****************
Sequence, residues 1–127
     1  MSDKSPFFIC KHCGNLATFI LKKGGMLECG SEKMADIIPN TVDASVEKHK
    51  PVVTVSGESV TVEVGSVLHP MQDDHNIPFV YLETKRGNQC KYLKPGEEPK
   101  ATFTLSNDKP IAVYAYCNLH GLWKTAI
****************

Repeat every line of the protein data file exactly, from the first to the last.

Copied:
Sequence, residues 1–127
     1  MSDKSPFFIC KHCGNLATFI LKKGGMLECG SEKMADIIPN TVDASVEKHK
    51  PVVTVSGESV TVEVGSVLHP MQDDHNIPFV YLETKRGNQC KYLKPGEEPK
   101  ATFTLSNDKP IAVYAYCNLH GLWKTAI